Memory Skills: Lost Letters

Sound Sequences

The ability to read fluently relies heavily on your memory for common sequences of letters and sounds. Over time mastery means that words are recognised with just part of the word in place.

As adults we are albe to mkae snese of wrods even when we are faced with errors – as long as the general shape of the word is correct (that’s one of the reasons why so often when we type we overlook the errors that we make). It makes a great deal of sense then to practise this ability for remembering the look and sound of words. Today’s game is doing just that!

Set Up & Game Play

You will need the picture cards and letter cards supplied, or you can use alphabet puzzle pieces or magnetic alphabet tiles if you have them instead of the letter cards. Cut out the cards you are going to use and select the letter tiles you wish to combine with them according to the level you are playing. Choose the level to start that you think will be just right for your child from these listed below (a just right challenge is one that is just hard enough to be interesting but not overwhelming):

  1. Using  Pictures With Words  –  find just the initial sound/letter of the word.
  2. Using  Pictures With Words  with  Words Only –  match the words and picture
  3. Use Picture Cards Only with Words Only cards – match the whole word with the right picture.
  4. Use Picture Cards Only with Partial Words matched with picture – find the missing letter/sound with Sound Cards
  5. Use Partial Words cards only – find the missing letter/sound with Sound Cards.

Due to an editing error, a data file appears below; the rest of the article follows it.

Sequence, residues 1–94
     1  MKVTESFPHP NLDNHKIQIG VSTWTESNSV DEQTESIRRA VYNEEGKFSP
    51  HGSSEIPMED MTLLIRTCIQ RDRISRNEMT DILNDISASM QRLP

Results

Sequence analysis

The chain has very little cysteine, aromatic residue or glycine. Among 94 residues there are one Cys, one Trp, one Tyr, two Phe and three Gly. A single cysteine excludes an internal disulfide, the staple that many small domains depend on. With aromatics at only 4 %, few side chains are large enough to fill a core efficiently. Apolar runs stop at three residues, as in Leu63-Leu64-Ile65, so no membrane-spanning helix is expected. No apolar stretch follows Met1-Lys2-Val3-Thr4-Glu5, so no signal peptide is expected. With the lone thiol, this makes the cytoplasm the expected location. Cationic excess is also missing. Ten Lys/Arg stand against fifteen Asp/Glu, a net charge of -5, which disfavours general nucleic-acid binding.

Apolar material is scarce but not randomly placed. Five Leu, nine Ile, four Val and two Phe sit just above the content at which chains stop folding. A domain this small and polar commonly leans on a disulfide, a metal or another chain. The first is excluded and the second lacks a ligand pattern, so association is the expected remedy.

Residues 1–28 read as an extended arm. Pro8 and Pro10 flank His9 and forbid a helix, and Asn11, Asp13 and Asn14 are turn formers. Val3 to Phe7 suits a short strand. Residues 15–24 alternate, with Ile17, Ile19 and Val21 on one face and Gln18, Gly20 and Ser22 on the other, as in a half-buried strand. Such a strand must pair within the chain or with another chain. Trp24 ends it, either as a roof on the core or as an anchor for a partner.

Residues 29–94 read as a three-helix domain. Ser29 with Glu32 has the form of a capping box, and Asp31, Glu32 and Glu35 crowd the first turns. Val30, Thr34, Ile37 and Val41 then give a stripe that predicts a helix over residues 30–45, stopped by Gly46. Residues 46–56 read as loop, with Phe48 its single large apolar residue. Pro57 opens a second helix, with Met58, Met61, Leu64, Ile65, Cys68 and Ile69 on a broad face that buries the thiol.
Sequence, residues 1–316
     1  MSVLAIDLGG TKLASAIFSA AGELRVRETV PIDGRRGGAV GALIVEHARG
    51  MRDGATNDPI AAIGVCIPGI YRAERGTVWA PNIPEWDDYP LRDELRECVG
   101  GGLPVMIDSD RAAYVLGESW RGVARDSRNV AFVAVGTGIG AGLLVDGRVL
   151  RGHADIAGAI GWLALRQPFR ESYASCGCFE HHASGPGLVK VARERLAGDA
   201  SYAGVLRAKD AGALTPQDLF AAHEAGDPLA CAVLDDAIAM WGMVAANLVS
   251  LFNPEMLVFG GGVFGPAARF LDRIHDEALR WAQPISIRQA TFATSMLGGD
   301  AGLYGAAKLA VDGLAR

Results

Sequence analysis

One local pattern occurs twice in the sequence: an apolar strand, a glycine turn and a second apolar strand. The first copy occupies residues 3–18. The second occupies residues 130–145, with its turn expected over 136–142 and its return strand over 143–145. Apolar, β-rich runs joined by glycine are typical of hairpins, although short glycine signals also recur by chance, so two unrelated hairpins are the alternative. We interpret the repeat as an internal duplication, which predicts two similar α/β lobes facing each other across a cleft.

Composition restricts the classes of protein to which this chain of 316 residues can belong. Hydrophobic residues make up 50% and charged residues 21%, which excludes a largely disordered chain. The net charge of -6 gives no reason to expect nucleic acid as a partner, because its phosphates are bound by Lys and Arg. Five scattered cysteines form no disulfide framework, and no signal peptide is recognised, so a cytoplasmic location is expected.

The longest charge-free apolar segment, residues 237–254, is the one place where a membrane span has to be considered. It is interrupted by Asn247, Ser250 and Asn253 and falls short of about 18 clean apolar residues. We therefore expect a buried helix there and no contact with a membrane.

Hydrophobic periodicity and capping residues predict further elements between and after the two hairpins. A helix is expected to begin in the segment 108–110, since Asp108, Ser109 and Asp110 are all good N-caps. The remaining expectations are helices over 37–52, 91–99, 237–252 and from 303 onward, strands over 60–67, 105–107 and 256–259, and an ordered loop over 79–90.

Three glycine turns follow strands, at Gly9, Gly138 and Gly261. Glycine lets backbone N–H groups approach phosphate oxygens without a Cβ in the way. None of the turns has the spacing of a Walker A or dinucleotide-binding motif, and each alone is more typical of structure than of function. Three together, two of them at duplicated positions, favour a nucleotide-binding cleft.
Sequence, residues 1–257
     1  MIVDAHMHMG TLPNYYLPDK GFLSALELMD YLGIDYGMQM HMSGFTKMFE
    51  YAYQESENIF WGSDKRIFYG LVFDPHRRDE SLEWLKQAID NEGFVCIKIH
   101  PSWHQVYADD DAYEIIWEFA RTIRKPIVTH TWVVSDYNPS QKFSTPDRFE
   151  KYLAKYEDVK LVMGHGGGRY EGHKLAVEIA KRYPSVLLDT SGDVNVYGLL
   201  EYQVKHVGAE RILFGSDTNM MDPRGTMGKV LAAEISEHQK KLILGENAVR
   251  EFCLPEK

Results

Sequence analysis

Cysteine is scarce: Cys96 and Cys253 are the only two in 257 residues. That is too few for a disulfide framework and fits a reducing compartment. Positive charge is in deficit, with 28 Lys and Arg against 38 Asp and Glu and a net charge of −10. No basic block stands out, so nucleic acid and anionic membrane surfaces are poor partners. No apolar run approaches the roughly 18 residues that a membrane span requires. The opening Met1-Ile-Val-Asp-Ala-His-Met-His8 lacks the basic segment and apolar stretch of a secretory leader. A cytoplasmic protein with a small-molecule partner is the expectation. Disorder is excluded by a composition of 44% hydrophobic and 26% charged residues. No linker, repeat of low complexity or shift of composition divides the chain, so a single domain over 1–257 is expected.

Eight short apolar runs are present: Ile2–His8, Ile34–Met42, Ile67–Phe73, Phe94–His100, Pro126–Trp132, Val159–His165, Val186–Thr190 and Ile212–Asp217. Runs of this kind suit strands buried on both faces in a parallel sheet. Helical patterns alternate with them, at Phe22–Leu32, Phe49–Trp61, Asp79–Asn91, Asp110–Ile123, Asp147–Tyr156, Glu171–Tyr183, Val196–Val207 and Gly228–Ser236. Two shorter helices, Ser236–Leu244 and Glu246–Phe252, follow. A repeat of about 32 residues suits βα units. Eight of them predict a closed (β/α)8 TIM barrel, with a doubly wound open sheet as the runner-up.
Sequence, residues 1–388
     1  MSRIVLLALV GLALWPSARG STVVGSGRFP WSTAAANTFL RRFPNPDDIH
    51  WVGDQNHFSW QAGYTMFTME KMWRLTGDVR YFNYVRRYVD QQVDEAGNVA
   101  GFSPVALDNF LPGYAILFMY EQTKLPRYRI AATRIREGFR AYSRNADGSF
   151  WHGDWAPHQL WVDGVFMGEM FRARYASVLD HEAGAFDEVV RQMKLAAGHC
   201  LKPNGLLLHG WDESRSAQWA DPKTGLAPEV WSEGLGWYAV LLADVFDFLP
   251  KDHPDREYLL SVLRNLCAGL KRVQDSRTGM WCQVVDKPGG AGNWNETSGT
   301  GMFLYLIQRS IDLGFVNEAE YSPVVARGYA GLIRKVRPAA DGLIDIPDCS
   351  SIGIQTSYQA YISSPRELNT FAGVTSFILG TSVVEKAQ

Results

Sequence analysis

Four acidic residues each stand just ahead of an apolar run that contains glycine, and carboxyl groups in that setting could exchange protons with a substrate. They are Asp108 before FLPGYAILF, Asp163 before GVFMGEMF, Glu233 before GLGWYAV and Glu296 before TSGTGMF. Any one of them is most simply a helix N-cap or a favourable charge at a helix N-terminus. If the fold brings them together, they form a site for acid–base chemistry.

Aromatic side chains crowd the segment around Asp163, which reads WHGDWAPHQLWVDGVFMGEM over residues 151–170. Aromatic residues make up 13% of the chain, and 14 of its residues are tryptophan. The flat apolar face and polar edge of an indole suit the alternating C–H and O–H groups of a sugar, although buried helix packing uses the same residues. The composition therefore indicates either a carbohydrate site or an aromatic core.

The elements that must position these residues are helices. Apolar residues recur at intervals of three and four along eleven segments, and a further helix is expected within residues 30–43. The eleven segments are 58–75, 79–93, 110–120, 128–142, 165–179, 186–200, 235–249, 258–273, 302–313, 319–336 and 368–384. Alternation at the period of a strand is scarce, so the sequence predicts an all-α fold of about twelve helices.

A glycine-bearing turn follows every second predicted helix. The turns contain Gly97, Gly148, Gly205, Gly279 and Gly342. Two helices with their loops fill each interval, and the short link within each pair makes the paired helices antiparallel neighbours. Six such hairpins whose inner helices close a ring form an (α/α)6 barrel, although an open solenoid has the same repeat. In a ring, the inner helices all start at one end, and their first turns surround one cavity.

Spread the letters/sound cards around the room or across the table – where ever you are playing. Select a picture card from a lucky dip box and then find the target letter/sound that is needed for that picture.


  1. Place all the lost letters in a basket or bowl filled with shredded newspaper, packing popcorn or rice & have your child find the missing letter by touch (have them tell you first what letter they are looking for – as a cue to look at as they feel in the box, use the alphabet puzzle pieces). You will need to use alphabet shapes (not square cards) for this variation.
  2. Place the lost letters on objects that start with that sound around the room at the beginning of the game, saying the name of the letter and what the letter says (e.g. “This is the letter ‘S”, when it talks it says ‘sssssssss’). This adds to the working memory load of the game and also incorporates whole body movement, scanning and visual discrimination. It can even work on balance, depending on where you place the letters.

Also Works On: Reading (Metalinguistics); Speaking; Visual Perception (visual closure; figure-ground; discrimination); Listening Skills (auditory discrimination); Problem Solving; Attention. With variations, an also work on tactile discrimination, balance and whole body movement (vestibular) processing.


Activity Materials


You Will Need...

  • Alphabet tiles or magnetic alphabet letters